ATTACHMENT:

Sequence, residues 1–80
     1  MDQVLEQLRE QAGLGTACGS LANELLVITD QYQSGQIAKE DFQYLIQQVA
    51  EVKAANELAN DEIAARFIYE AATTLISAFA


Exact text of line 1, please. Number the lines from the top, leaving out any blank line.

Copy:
Sequence, residues 1–80